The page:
Key Elements of ESG relevant to commercial real estate investment funds
Environmental, social, and governance (ESG) factors within commercial real estate investment are becoming more influential: ESG was a major focal point of discussion at this year’s PFA 2022 Conference and the recent PFA Master Class Series, and is likely to remain a key issue as investors increasingly demand investment products with an ESG focus.
Atchison Consultants has put together an interesting summary article which explains some key ESG factors relevant to the unlisted property funds community:
ESG – Summary
ESG (Environmental, Social, Governance) is a rapidly growing investment theme in Australia. ESG funds under management in Australia now exceed $1 billion.
What is ESG?
An ESG framework provides broad standards by which companies and their impact can be evaluated beyond traditional financial metrics.
The term ESG is often used interchangeably with “ethical investing”, “responsible investing”, “sustainable investing” or “impact investing”.
Environmental criteria include use of renewable energy sources, waste management, management of air or water pollution arising from operations, deforestation and climate change. Raw material sourcing including fair trade suppliers and biodiversity practices on land are also relevant.
While there are many separate social aspects of ESG, all are essentially about social relationships. A fundamental relationship is with employees. Social metrics include employee turnover and incident rates, gender equality and ethnic diversity.
Governance is about direction by Boards and management by executives. How well do executive management and directors address the interests of stakeholders being employees, shareholders, customers and the community?
Common ESG factors are listed. Investments with positive ESG scores have the potential to drive strong returns. Those with poor ESG scores may inhibit returns.
– Energy consumption
– Climate Change
– Waste production
– Natural resource preservation
– Animal welfare
– Human rights
– Child and forced labour
– Community engagement
– Health & Safety
– Stakeholder relations
– Employee relations
– Quality of management
– Board independence
– Conflicts of interest
– Executive compensation
– Transparency & disclosure
– Shareholder rights
SRI and Impact investing
Socially responsible investing (SRI) and Impact investing are part of ESG investing.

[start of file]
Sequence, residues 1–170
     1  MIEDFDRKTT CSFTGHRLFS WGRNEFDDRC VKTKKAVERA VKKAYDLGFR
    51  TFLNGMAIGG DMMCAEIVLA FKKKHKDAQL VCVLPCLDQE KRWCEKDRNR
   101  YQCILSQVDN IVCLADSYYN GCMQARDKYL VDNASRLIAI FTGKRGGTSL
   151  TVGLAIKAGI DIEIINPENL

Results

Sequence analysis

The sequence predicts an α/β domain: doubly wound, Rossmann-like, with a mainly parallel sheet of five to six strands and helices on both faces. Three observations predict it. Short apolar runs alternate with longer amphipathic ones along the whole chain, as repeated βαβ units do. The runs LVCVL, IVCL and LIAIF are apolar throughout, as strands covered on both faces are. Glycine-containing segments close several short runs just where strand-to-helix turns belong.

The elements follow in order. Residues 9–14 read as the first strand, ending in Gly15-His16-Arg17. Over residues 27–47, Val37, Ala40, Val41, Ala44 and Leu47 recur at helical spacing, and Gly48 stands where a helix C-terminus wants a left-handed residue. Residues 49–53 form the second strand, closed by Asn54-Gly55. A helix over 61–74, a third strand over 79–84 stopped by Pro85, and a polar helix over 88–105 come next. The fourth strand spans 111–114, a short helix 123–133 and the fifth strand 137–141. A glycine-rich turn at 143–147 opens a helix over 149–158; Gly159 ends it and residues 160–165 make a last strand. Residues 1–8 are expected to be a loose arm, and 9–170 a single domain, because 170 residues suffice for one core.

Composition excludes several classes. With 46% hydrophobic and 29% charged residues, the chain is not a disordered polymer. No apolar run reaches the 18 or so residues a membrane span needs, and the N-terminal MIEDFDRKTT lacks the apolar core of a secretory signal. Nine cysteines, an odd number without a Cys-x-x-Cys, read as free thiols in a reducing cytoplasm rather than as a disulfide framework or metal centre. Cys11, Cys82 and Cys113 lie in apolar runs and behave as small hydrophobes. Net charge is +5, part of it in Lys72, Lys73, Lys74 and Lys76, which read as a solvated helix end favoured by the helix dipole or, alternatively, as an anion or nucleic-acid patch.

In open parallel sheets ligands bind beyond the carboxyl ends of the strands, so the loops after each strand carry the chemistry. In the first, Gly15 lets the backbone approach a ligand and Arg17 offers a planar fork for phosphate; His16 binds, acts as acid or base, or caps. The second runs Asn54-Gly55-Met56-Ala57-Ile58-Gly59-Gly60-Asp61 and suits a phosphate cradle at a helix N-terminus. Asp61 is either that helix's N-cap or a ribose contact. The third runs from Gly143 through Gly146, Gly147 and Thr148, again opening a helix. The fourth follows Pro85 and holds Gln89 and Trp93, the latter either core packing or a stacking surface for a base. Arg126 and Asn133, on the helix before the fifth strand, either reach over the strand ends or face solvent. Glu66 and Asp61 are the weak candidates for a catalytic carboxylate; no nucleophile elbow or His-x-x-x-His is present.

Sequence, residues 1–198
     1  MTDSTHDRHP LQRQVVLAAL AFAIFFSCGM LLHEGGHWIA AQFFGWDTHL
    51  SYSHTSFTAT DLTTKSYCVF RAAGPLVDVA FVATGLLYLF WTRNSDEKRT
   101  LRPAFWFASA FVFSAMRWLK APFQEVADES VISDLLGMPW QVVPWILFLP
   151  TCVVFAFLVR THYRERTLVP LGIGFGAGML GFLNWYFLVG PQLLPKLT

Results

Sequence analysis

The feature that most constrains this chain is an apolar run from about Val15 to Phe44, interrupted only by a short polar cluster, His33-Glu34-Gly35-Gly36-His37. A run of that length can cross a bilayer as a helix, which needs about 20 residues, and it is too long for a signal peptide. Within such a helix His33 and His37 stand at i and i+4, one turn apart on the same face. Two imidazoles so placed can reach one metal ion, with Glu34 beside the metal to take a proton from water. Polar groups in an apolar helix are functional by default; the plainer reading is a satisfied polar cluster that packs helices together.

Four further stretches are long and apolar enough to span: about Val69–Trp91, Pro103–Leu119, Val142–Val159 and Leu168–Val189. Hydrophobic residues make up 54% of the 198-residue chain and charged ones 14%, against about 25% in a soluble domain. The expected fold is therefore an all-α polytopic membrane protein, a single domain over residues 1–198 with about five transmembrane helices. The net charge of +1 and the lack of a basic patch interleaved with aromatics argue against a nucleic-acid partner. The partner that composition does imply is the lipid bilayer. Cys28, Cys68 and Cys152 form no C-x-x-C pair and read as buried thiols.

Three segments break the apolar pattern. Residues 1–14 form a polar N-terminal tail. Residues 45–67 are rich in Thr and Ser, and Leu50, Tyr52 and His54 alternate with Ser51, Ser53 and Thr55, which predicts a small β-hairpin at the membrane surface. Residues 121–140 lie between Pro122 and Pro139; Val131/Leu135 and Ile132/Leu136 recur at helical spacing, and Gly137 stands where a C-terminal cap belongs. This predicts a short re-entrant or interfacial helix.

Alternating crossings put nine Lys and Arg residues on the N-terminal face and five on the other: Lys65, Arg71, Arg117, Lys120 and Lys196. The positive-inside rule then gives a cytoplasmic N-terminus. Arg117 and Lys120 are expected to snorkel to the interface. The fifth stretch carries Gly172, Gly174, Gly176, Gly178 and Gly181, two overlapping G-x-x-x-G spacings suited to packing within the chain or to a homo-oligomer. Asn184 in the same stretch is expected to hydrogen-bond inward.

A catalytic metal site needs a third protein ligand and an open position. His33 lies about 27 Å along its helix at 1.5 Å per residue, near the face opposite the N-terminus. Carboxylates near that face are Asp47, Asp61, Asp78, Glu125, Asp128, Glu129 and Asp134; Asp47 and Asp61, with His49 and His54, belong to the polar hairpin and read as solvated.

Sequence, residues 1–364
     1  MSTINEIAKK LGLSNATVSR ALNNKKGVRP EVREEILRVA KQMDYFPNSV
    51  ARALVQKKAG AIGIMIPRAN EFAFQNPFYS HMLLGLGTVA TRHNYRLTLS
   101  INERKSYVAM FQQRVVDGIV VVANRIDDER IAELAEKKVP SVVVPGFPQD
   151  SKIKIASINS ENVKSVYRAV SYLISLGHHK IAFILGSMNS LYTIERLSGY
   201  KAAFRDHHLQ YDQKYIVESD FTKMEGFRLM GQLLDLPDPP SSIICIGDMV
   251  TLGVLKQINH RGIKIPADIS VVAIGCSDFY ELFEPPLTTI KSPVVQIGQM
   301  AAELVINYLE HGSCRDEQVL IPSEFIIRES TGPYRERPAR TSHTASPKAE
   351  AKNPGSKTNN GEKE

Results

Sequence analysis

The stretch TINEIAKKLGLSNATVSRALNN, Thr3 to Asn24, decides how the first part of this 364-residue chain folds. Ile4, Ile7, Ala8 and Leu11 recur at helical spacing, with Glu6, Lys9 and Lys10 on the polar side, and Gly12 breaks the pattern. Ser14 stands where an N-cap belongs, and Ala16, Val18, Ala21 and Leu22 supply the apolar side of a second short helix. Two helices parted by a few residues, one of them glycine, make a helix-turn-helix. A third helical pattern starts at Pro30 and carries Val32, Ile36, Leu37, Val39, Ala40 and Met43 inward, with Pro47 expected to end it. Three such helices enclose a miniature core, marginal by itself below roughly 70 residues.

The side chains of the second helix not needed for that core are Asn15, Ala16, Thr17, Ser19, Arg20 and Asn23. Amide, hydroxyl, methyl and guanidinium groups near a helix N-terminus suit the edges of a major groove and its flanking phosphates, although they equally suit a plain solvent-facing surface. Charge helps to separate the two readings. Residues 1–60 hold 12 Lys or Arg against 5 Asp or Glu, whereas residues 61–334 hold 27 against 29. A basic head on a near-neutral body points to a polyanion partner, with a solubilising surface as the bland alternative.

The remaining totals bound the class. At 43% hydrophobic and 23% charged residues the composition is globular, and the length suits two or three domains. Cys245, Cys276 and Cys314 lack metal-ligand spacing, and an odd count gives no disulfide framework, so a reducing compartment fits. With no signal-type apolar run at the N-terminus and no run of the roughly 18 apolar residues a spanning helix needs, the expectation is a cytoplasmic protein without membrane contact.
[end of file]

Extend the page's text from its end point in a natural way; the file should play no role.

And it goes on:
SRI may be driven by religious, personal or political beliefs. These beliefs will form the basis of negative or positive investment screens. Negative and positive investment screens will exclude and or include investments based on investment philosophies.
Impact investing prioritises investments which are viewed as having a positive effect in areas of concern or interest. The positive effect may include goals which are beneficial to society or the environment.
There is no standard definition of ESG investment within Australia. Fund managers rely on the UN Principles of Responsible Investment or voluntary certification from Responsible Investment Association Australasia to verify compliance with ESG investment philosophies. Some managers have their own definition.
CBRE have undertaken analysis which indicates that regulation seems to be the trigger for revaluation of assets rather than performance of the assets. They also note assets with highest energy ratings have achieved higher valuations through lower cap rates.
Australia has now introduced a Climate Change Bill. At this stage the legislation is silent on reporting. It is likely that mandatory climate related financial disclosure regime for Australian financial institutions will be introduced. Managers will be required to provide regular and transparent reports on compliance with and continual adherence with an ESG philosophy.
CBRE have outlined 10 key criteria for ESG management in real estate portfolios.
– Energy saving/net zero are the new normal.
– Gap between green rental premium and brown rental discount is widening.
– Green construction materials are available and viable
– Regulatory requirements will continue to tighten.
– Effective risk and cost management can enhance resilience with consequences of lower insurance costs
– Affordable housing offers attractive impact investment.
– Health and wellness is influencing building design and operations.
– Corporate social responsibility is key to governance.
– Benchmarking and reporting will be essential.
– Technology is critical in achieving ESG goals.
These reflect the sentiment of the UN principles of responsible investment. MSCI state that most of the variation in risk measured by VaR is driven by physical risk rather than transition risk. Physical risk reflects the potential for stranded value or loss of usefulness.
Global Real Estate Sustainability Benchmark (GRESB) is the standard benchmark.
NABERS is an Australian rating system that measures the environmental impact of buildings and tenancies.
In real estate four utilities are key for financial outcomes from environment factors.
They are energy, water, recycling, and waste. Efficient management of each factor will enhance financial outcomes while enhancing ESG ratings.
For more information please contact Atchison Consultants: phone 03 9642 3835 email firstname.lastname@example.org
Image: Charter Hall